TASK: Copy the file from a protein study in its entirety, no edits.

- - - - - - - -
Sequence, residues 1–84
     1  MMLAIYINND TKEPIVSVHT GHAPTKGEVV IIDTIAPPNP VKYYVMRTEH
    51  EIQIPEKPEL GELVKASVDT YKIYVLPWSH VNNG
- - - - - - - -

Sequence, residues 1–84
     1  MMLAIYINND TKEPIVSVHT GHAPTKGEVV IIDTIAPPNP VKYYVMRTEH
    51  EIQIPEKPEL GELVKASVDT YKIYVLPWSH VNNG